What's the Magic Word?

There's a fairy story which I'm sure you're heard. It's about a princess who's visited by an evil dwarf-like creature, who promises her whatever she wishes...provided he takes her first born child. She agrees, thinking she can cheat and keep the child when she eventually has it. Of course, all her security magically fails and the baby (a boy, inevitably) is kidnapped.

She begs with the creature, but he's adamant - she made the contract in full knowledge, and now she's paying precisely what she agreed.

There is a loophole though. If she can say the creature's name, he loses his powers, the contract is void, the princess gets to keep her wishes and she gets her son back.

The name, of course, is "Rumpelstiltskin". Once she learns the name and says it to his face, he can scream and rage as much as he likes, but he's as trapped by the letter of the contract as she was. The contract, it seems, is more powerful even than a supernatural being that has great power over the physical world.

Words are the strongest magic of all.

Word magic, and in particular the magic of names, is a superstition that's persisted for millennia - and it's still around today.

When ancient Greek and Roman armies claimed new towns, often the only difference it made to the lives of the locals was a notice placed in the town square, informing them that they were now part of an empire. But it seemed to work - they believed it.

When the Julian calender was switched to the Gregorian, there were actual riots on the basis that several days had been magicked out of existence by the stroke of a pen - and people thought they'd been cheated out of a part of their own lifespans.

Even now, when state and county lines are redrawn, residents protest at being displaced from one side to the other of an imaginary line.

In Arthur C Clarke's short story "The Nine Billion Names of God", the universe gets literally switched off when all the names of god are calculated by a computer, owned by an obscure order of monks. The monks don't even need to read the output, the assemblage of vacuum tubes has no consciousness of what it's doing, and it doesn't seem to matter that this is done by a few dozen people on a mountain on one unremarkable planet. When the final permutation of written characters is printed, the stars start to go out.

This is obviously a thinly disguised version of the talmudic superstition that when all permutations of JHV are worked through, creation ends. The wordgames of the kabala and biblical skip codes aren't a million miles away. In alchemy, saying the right words is as important as having the right chemicals.

Fantasy literature is a place where hidden cultural superstitions can be more openly explored. In Ursula le Guin's "Earthsea" series, the hero can only defeat the monster he created by figuring out it's name - which is of course his own name. There's also a realm where word-based sorcery doesn't work because things have different names there. In Terry Pratchett's Discworld, you can only defeat the monster if you can bring yourself to say it's name. In "Alice in Wonderland" there's a forest which is spooky simply because things don't have names there at all.

Language is slippery and constantly changing, as is the reality it tries to describe - or control. But we seem to have a persistent belief that if only we can find exactly the right words, they'll describe and control the world in exactly the right way. And they'll be so perfect that even when word and world have changed over centuries, the formulation will still work exactly as well.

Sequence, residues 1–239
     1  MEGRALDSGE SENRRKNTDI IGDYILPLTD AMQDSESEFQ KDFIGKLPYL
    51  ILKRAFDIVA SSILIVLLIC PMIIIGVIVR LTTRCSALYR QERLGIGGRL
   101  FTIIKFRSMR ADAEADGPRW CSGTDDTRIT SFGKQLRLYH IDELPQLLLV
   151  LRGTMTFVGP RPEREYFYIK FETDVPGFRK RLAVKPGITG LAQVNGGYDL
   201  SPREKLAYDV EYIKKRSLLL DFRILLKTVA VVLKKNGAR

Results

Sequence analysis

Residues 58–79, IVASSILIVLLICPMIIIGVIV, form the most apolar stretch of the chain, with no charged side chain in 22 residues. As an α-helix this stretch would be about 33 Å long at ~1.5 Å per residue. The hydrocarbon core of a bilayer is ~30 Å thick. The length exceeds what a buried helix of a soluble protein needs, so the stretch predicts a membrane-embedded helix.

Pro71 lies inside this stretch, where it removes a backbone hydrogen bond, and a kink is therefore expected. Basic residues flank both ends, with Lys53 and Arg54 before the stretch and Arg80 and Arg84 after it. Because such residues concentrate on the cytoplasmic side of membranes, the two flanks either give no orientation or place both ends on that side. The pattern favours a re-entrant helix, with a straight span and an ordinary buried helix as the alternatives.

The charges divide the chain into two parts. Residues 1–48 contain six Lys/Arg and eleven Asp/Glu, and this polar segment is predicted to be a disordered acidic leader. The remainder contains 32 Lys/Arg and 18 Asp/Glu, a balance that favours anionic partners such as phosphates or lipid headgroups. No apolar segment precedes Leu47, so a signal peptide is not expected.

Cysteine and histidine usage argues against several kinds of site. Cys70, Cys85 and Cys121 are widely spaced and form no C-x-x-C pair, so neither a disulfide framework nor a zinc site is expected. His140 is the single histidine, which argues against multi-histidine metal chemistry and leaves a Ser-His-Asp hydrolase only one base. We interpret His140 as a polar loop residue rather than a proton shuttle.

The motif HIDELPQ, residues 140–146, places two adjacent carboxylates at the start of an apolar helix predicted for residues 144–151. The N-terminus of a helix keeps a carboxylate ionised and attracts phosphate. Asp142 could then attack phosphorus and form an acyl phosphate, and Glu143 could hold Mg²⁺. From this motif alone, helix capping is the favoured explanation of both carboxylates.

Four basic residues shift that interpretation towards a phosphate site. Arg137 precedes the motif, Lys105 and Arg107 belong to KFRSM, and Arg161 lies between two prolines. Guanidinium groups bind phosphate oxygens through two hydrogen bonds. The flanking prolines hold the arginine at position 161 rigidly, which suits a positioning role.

This of course is why we have legal documents in tortuous legalese. And indeed the majority of philosophy which consists in trying to tie down the precise meaning by finding exactly the right form of words - in the hope that, tied down tightly enough, the words will merge with the reality, permanently.

It's also why we have the constantly refuted article of faith that our holy books are both clear and eternally true...if read in the original language. And we believe this even when we know that the original documents have been lost, and the ones we have are partial copies of copies of copies.

The Hebrew of the old testament sometimes is just plain incomprehensible - or 'obscure' as theologians delicately put it - but there are thousands of devout believers who devote their lives to the assumption that if only they read the text closely enough, it will become clear.

Sometimes they go mad and write books on how if you read a parable about sheep backwards and make anagrams from every third letter, it predicts their favourite historical events.

It's all very well to smugly note the superstitions about word magic and say you're beyond them. But what about the American constitution? A set of supposedly inviolable super-laws, which determine which non-super-laws can be passed. The failure to (for instance) separate church from state is evident, but if you want to fight the spreading power of lunatic evangelical groups, the constitution is a major line of defence.

When politicians debase language with feelgood cliches and vacuous non-distinctions, we keep hold of reality by reasserting genuine, meaningful language, and using it for our own slogans and polemic.

Perhaps word magic isn't just a superstition we're better off without. Perhaps it's a necessary part of human consciousness - the price of the capacity to categorise the world and conceptualise our interactions with it. A by-product of being able to think at all.

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